From these two examples, we can tell that major blockchain-involved nations around the globe are still in the period of exploring how this newly emerged technology, as well as all the products derived from it could be properly handled by individuals, the market, and the states. As the market matures in an indefinite time, the regulation paradox could become more severe in an expanded global cryptocurrency economy, therefore forcing countries to make an ultimate choice between embracement or rejection. Or, as we would hope to see, new developments in both technologies and social structures would allow the paradox to diminish in a new age.


As an increasingly popular, yet sub-optimally regulated and controversial form of capital generation and value exchange, the use of cryptocurrencies and ICOs has brought society significant advantages including anonymity, security, and capitalization convenience. Taking a retrospective perspective with regards to the earlier discussion, two companies were analyzed in terms of how the ICOs market has impacted both businesses and investors, with a generally more favorable outcome for issuing firms. Mastercoin was the first ICO, creating the concept of digital token crowdsales with the expectation of value appreciation. Its existence unveiled the massive investment demand for different cryptocurrencies. Kik was able to execute a somewhat successful Kin ICO, relying heavily on its existing reputation as a successful online messaging provider when it launched its ICO, which greatly improved its performance in the investment market. From these cases, it can be argued that ICOs provide start-ups with an opportunity to raise money without increasing either debt or equity, and bypassing third-party institutions.

However, fraudulent companies such as REcoin and OneCoin have also come to prey on investors in this market. REcoin's Maksim Zaslavskiy blatantly lied about the nature of his business' existence, but many investors did not have enough knowledge about cryptocurrencies or resources to investigate if the information being presented was accurate. Due to this lack of regulatory oversight, all it took was a simple marketing campaign and false white paper claims to engineer a scam which essentially robbed investors of their money. Organizations like OneCoin, on the other hand, prove that traditional financial crime models such as Ponzi schemes could be reintroduced under the guise of ICOs, and it would be even more difficult for investors to discover the true nature of such entities individually. In summary, information asymmetry is a key disadvantage to investors hoping to invest in ICOs. Therefore, evaluations of ICO projects should be carried out to minimize the risks of investors through elimination of such asymmetry, and synchronized regulatory oversight appears to be the ideal outcome to facilitate a fairer transaction process.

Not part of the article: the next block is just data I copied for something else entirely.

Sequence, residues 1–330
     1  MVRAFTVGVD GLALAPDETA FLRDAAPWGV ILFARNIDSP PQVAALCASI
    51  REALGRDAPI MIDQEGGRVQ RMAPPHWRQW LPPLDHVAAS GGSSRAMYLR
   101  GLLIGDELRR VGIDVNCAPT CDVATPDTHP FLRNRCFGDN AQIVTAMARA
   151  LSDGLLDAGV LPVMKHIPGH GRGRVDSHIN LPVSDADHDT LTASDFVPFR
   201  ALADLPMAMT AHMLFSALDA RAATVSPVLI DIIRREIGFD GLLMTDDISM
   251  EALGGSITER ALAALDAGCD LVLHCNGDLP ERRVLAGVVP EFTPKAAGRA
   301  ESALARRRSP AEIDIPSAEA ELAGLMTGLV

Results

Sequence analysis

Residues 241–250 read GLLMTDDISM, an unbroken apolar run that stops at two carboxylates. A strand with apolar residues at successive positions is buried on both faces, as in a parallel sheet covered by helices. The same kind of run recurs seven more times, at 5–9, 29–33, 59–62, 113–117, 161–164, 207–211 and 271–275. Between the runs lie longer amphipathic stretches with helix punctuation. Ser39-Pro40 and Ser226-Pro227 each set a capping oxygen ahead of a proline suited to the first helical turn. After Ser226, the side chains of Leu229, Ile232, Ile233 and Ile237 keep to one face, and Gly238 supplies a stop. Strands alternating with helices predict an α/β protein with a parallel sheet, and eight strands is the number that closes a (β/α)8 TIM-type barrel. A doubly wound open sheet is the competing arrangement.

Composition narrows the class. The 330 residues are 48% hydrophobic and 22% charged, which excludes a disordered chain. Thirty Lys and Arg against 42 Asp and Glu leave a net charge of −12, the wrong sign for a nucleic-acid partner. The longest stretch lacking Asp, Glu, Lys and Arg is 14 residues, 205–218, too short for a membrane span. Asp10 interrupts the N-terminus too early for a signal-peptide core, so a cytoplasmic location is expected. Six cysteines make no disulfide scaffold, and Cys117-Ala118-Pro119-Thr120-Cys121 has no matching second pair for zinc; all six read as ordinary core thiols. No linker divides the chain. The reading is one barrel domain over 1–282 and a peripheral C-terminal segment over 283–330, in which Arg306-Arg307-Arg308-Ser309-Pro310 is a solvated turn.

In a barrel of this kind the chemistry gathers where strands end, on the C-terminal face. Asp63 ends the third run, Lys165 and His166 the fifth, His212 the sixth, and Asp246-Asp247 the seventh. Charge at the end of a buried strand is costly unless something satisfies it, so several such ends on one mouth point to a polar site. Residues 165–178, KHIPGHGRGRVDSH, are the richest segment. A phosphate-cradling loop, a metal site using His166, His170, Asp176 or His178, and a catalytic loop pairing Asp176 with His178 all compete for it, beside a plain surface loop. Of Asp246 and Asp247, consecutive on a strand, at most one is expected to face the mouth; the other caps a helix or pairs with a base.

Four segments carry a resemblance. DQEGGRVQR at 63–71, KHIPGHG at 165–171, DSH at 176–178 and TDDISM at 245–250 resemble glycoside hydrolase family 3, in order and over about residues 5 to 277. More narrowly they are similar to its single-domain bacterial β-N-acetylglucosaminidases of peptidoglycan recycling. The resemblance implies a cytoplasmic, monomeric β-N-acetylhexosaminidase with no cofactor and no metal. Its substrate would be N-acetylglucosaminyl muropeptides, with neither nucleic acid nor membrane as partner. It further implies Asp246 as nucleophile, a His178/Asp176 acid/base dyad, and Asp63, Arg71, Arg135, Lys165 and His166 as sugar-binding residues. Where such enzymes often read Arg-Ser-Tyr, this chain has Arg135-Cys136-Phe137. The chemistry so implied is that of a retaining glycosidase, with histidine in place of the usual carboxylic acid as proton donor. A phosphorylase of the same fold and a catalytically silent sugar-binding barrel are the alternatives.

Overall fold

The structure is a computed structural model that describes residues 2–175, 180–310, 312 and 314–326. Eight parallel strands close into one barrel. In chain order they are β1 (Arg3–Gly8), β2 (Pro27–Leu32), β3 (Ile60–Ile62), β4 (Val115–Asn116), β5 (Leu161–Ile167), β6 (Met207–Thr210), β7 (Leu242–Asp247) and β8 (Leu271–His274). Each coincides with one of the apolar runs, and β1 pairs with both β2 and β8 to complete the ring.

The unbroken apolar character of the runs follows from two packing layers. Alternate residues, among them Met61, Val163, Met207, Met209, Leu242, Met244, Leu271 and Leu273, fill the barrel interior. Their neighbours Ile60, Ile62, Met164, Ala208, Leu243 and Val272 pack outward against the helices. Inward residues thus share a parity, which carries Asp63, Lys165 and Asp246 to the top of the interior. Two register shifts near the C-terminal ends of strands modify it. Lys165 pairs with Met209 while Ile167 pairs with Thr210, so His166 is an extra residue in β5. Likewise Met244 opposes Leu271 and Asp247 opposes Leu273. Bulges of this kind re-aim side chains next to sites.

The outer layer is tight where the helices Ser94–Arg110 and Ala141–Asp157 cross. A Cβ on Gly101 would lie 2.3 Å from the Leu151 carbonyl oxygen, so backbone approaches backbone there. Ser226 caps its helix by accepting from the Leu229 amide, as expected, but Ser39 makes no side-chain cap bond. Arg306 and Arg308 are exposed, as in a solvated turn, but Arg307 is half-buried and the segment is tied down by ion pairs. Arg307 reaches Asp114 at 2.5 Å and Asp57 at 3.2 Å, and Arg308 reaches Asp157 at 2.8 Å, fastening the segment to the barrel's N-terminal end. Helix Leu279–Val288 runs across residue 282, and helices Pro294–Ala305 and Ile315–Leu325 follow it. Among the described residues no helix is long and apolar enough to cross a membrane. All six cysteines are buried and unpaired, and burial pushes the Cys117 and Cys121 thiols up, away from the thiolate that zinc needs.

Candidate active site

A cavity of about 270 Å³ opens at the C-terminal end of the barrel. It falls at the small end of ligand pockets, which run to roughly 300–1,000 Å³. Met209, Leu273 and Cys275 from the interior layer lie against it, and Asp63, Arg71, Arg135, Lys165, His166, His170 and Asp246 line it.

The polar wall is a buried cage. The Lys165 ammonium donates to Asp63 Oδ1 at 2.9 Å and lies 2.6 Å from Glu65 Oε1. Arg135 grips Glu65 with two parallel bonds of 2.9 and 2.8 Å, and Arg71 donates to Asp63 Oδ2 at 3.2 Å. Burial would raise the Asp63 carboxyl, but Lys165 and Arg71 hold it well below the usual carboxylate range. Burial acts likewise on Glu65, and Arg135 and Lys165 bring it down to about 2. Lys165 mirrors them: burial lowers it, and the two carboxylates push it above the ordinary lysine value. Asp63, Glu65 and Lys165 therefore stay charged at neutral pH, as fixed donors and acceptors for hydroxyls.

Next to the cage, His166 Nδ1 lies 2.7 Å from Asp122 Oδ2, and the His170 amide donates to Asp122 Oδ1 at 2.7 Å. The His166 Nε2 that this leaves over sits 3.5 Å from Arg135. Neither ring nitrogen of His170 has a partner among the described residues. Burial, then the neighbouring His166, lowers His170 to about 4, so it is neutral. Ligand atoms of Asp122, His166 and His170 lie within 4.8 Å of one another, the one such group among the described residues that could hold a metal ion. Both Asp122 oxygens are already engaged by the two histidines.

In short, this paper aimed to examine certain cases in this industry to show that ICOs have revolutionized the way businesses and consumers think, while also facing controversy due to a lack of efficient regulatory structures. However, it has been pointed out that implementing some regulations may defeat the original purpose of ICOs, and as this industry expands, key players from both sides of the debate will have to compromise to choose the appropriate balance between the risks and benefits brought by it. The fundamental conflict between regulation and decentralization seems to be unavoidable, and the regulation paradox will continue to exist in the industry without technological and social breakthroughs. Clearly, every proposed initiative to strengthen investor relations seems to have a possible step forward as well as a step backward for both parties. Overall, the potential for ICOs to become a prominent part of the economy does exist, but only time will tell just how successfully this form of financing will be adopted on a global scale, and whether or not it will ultimately emerge as a dominant financing mechanism, surpassing both equity and debt financing.

Author Contributions

Each author contributed to the writing and research of this paper. The ordering of the authors signifies the relative contribution of each author, though each author contributed significantly.

Conflict of Interest Statement

The authors declare that the research was conducted in the absence of any commercial or financial relationships that could be construed as a potential conflict of interest.